Alderson downplays Mets financial issues

PORT ST. LUCIE, Fla. -- Sandy Alderson late Thursday downplayed the significance of quotes attributed to him in a book in which he cooperated with the author.

In “Baseball Maverick,” a book by journalist Steve Kettmann, Alderson was quoted as saying about Ponzi schemer Bernard Madoff and his impact on Mets spending: "Madoff wasn't even a topic of conversation in my interview for the Mets job. I didn't raise it. Maybe I should have. The bottom line is, I would have taken the job anyway. It just added to the challenge."

Adam Rubin/ESPNNewYork.com

Sandy Alderson again addressed Mets finances Thursday.

The book, according to an excerpt cited by Capital New York, also suggests Alderson would have more vigorously pursued Robinson Cano last winter if afforded more resources by Mets ownership.

“Some people want to interpret the last four years strictly in terms of what financial resources were available or not available to the Mets,” Alderson responded Thursday. “That’s a point of view that some people have. And people will extrapolate from whatever might suggest that as a continuing theme. From that standpoint, that’s never been an issue for me. I never talked about the payroll as an unfortunate limitation to us. I haven’t talked about it recently. I haven’t talked about it in the past. I don’t intend to. It’s not relevant to me.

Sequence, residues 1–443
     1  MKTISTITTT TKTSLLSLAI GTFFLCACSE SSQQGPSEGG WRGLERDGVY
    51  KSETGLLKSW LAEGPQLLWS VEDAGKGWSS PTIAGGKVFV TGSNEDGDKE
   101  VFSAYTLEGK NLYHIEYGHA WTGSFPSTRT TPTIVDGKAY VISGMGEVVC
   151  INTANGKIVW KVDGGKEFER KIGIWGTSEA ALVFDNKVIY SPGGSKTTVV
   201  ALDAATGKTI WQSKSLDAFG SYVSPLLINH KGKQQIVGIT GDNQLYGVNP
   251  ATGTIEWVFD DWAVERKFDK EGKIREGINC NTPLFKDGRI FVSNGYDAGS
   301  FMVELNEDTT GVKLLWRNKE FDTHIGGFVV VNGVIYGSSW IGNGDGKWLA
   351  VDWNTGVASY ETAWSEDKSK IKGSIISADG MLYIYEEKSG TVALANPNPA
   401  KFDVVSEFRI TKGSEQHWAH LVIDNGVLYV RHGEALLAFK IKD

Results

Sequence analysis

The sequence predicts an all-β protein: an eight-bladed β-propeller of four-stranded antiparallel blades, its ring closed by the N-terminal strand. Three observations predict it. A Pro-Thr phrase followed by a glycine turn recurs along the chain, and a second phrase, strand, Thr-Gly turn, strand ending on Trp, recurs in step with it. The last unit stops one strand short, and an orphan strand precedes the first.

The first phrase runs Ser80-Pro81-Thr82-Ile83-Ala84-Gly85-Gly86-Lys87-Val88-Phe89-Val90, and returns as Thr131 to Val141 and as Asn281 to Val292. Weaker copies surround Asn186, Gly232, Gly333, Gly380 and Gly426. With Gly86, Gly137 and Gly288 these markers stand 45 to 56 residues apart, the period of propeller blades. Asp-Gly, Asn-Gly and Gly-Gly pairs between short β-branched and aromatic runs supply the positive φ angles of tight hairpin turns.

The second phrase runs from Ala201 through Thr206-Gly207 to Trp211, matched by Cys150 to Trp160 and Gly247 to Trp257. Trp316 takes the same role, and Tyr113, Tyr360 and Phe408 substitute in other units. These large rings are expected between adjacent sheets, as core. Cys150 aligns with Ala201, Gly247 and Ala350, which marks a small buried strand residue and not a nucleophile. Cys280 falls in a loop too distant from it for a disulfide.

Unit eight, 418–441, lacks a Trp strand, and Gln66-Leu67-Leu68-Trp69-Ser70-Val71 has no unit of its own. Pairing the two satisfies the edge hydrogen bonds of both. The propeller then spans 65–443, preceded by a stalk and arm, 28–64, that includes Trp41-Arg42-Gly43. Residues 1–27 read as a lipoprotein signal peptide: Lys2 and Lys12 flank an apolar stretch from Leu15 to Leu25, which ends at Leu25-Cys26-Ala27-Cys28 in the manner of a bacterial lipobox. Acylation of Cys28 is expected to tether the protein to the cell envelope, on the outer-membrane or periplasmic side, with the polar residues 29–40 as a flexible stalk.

“The last four years is a story of putting the franchise back into a competitive situation on the field with good players. I think we’re on the cusp of doing that.”

Alderson noted the payroll has risen $15 million since 2014.

“Look, our payroll is at $100 million right now, which is up about 20 percent from what it was last year,” he said. “I don’t think anybody has any complaints at all on our end.”

As for reportedly wanting to pursue Cano beyond a dinner to meet agent/rapper Jay-Z, Alderson said: “Robinson Cano was an entertaining diversion for us, but I don’t think we ever expected it was going to go anywhere. Jeff [Wilpon] and I had conversations about it. We decided to take a preliminary look at it, but I don’t think anybody had any expectations we were going to sign Robinson Cano. I certainly didn’t. And, from a strategic standpoint, it wouldn’t have been the right approach for us.”